The lockdown diaries – Day 1: The first one

We are on lockdown. Covid-19 has achieved what no developed industrial nation ever thought possible. Nations at standstill, stock markets crashing, people panic-buying toilet paper as if it was the only remedy to cure all of humanity’s problems and wiping supermarkets’ stock, piling cans and packs of food they would, under normal circumstances, never eat (canned potatoes anyone?). Weeks before BJ made his announcement, people all over the world showed their best and worst sides – you decide which one you were on. As a national of a country that moved relatively quickly on limiting social contact and large gatherings of people I had my own opinions on how Brexitland dealt with the issue, but that is not of relevance here. Experts and the WHO are the only ones who should pass public comment on this – I may have an opinion but I am not arrogant enough to spout it. My family and I stuck to the instructions that were given, kept a distance and I even had the nerve to tell off groups of teenagers that walked around, acting as if they had won the jackpot with an extended holiday. Social distancing as such doesn’t bother me: I know there is a (as yet unknown) time limit and one day I will hug and hold those close who I love, I will see my friends and their families again and my children will see theirs. I took the change as it came and evaluated what was possible and what wasn’t. Play dates are off-limits, but fresh air and the lone countryside are not, so we went for a long walk across fields and looked at paw and hoof prints on the muddy tracks, watched red kites soar and stroked the soft buds of Goat Willows, treating every crossing of a small stream like a mini adventure, frequently pretending to be on a bear hunt (we didn’t catch a big one!).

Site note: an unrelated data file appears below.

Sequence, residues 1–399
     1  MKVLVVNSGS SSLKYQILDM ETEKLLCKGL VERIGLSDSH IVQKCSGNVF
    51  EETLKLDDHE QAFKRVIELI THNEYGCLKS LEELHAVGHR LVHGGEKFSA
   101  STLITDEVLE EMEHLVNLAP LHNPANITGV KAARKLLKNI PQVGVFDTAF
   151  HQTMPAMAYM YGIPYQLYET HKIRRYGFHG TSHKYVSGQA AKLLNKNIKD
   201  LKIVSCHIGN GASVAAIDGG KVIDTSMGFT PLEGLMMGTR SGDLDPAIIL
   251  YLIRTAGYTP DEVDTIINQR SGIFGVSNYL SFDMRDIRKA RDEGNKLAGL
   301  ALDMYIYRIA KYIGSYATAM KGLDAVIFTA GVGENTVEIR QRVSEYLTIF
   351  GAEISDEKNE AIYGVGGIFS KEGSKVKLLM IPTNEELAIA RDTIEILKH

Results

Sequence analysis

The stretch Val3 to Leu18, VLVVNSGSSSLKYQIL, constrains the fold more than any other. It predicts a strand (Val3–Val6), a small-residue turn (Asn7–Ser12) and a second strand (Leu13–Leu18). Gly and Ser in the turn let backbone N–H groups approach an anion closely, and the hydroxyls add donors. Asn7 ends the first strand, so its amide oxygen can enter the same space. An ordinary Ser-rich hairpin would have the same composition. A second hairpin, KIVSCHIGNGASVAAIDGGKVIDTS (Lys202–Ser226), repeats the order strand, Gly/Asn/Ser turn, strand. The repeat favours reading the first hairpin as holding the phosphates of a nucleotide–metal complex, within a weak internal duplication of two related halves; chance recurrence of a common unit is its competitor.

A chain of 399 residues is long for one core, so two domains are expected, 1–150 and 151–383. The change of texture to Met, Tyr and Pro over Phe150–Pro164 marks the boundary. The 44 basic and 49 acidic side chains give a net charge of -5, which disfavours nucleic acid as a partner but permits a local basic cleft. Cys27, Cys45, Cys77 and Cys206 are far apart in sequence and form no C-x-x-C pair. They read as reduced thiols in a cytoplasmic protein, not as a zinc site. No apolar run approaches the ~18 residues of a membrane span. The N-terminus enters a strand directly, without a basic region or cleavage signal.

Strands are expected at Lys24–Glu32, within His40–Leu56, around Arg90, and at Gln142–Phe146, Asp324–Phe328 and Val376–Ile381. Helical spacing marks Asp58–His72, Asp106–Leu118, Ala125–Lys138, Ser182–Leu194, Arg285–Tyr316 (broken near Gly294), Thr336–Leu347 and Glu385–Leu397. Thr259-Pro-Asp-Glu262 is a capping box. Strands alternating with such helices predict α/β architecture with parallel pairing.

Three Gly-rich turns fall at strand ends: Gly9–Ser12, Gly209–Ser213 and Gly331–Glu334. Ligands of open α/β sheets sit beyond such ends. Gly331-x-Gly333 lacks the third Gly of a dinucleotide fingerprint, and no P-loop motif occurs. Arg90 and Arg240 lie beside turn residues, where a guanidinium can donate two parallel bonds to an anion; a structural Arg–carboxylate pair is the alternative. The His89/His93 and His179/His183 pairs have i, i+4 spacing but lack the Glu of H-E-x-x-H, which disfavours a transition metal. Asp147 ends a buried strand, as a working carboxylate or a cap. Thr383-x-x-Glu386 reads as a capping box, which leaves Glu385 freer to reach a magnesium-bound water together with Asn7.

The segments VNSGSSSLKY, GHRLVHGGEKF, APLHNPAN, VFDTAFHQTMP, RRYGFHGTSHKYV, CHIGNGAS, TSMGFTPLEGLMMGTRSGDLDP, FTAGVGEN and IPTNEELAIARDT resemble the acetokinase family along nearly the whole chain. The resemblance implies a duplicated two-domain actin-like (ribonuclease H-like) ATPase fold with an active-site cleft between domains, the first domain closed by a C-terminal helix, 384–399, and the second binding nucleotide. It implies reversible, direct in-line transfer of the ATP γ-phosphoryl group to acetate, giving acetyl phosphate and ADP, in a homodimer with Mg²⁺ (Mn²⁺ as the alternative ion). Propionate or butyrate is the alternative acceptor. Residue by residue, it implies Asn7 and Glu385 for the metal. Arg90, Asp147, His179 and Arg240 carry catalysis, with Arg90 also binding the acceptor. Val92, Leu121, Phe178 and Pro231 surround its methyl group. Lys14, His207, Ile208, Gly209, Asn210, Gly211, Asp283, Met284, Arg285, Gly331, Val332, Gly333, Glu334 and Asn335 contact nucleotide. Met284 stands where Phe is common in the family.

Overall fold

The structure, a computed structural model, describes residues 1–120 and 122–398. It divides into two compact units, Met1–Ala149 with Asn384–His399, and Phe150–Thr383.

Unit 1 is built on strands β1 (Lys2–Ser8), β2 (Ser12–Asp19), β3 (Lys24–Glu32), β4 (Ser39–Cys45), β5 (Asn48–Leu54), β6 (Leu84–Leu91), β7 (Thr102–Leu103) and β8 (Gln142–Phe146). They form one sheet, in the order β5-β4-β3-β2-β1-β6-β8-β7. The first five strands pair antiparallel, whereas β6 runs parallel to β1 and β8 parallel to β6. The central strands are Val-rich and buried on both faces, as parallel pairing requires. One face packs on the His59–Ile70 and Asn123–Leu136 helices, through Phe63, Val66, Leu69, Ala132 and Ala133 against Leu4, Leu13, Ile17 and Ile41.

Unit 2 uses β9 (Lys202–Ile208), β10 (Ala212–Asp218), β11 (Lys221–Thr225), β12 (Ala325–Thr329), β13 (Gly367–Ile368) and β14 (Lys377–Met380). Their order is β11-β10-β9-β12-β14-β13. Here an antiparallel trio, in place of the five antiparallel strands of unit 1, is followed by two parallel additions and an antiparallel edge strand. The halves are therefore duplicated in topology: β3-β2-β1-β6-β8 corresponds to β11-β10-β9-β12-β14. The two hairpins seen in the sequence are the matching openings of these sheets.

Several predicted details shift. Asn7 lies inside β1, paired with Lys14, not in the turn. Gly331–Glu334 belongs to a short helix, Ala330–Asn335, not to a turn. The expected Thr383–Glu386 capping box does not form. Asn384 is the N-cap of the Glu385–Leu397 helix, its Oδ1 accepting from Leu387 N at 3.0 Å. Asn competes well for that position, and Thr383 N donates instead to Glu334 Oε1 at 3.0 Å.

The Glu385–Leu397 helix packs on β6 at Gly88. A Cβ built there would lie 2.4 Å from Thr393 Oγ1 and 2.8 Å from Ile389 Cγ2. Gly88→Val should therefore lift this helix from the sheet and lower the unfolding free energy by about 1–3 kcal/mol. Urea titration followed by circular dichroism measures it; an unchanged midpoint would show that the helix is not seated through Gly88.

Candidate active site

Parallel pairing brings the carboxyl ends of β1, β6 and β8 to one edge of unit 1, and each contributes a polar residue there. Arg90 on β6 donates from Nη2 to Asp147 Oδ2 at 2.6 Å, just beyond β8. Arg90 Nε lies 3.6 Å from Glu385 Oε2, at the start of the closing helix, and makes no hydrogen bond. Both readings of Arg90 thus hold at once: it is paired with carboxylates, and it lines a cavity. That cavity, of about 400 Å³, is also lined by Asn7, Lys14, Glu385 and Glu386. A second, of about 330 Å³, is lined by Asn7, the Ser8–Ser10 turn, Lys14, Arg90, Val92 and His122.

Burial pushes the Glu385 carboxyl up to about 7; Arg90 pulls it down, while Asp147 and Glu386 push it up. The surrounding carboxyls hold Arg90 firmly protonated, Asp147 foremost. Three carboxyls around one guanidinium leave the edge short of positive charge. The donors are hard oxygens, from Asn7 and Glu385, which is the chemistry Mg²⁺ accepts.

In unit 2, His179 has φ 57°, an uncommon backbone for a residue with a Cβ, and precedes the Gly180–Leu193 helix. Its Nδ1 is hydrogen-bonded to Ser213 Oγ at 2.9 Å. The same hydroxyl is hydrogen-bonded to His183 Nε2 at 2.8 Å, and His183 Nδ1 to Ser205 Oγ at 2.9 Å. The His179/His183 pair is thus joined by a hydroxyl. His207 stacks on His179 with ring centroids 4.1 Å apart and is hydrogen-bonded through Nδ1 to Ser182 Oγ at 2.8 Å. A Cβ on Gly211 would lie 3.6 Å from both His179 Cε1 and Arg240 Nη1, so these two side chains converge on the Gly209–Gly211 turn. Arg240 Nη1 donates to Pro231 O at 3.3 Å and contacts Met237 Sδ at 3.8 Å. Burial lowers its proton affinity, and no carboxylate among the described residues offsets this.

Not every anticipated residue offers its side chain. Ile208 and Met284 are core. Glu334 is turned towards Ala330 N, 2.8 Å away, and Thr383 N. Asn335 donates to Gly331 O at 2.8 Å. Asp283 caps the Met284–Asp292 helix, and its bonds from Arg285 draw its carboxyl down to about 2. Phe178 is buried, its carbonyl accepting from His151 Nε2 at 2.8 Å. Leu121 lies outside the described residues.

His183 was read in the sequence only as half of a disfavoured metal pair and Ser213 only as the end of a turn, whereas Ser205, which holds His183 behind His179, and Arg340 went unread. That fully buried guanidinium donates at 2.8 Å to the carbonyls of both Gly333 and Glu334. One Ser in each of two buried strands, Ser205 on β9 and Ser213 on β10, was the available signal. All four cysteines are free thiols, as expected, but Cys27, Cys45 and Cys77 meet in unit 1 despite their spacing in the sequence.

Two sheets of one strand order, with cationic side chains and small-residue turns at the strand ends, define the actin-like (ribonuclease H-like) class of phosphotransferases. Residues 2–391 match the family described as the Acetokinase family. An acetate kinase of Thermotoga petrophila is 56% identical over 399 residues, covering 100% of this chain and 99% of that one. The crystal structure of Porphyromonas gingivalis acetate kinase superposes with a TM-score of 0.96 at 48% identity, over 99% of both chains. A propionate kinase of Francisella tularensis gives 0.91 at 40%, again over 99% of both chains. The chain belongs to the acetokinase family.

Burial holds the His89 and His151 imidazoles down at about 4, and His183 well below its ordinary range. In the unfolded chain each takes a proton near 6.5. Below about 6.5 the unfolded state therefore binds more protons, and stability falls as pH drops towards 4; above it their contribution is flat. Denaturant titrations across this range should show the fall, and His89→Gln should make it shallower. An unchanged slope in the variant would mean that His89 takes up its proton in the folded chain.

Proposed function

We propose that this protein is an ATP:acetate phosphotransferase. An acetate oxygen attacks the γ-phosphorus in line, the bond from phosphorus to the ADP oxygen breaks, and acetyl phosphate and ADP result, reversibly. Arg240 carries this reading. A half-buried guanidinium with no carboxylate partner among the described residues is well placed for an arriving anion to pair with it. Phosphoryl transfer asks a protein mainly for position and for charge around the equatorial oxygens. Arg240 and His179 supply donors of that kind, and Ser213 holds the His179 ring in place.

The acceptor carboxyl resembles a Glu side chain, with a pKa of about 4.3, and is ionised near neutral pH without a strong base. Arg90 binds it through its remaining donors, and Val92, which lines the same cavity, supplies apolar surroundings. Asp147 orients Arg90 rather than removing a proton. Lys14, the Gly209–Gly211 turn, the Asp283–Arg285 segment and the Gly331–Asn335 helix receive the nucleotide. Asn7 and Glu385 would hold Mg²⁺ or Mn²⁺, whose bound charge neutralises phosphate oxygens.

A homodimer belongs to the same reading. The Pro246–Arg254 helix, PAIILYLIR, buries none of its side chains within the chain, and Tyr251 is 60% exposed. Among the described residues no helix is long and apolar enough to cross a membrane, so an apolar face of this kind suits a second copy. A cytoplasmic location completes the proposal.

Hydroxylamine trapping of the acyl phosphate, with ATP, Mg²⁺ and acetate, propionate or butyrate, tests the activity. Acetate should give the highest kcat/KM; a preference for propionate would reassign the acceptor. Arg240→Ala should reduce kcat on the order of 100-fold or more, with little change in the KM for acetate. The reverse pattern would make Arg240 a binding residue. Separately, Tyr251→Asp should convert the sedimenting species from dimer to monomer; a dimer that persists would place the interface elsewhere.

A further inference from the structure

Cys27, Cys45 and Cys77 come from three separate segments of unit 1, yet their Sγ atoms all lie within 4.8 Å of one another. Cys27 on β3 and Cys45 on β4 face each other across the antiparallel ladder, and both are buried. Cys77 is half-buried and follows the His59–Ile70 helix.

Work had also put in appropriate measures and working from home is going to be my new normal, for however long it has to be. I have already found lots of silver linings and am discovering plenty more every day: getting up early with the sun, going running before anyone else goes outside, eating breakfast with my kids instead of leaving them whilst I rush out the door, helping my daughter with her work or watching her and my son jump around the lounge to Joe Wicks’ PE class, having a cup of tea whenever I want and finishing it, going to the loo whenever I need to, rather than crossing my legs for hours because I do not have a spare second. I enjoy going in the garden and letting the kids blow off some steam, whilst I have yet another cuppa.
Despite making the best of the situation and knowing that it is absolutely the right thing to do, I couldn’t sleep after the announcement on Monday night. The severity of not being able to get to my family in an emergency hit me hard, unanswered questions and unclear messages online made my head spin, arguments and uncivilised posts on social media turned my stomach and mine and everyone’s mortality stared me uncomfortably in the face. As I woke to a new state of being, I was a bundle of nerves. I didn’t want to eat, I didn’t want to talk. Shutting down is my coping mechanism. I am not one on giving out universal advice as everyone is different, but here are the things that diluted my anxiety and calmed my jittery nerves: I went running (even earlier, rising with the sun), I turned off the Internet on my phone, I phoned my family and I drank lots of tea (I am so British!). I am sure I will have my ups and downs during this time, as will we all. My message to everyone is this though: Don’t let your frustrations out on others. No one will listen if you use foul language and sink to a level that is reserved for the gutter. Dignity and diplomacy are not always my strengths but I will keep practising now and maybe, so should you. Listen to the experts. There are reasons why we have to stay apart. Be kind. Show love. This is so essential in situations like this. If someone is nasty, kill them with kindness. And finally – don’t lose hope. Have faith that life, although it may change, will carry on. We may have to change in the process, but that may be beneficial in the long run. Look out for the rainbows and silver linings. Phone friends, send letters, emails, messages. Cook, bake, paint, write, read. Be present in the moment. Who knows what you may discover.

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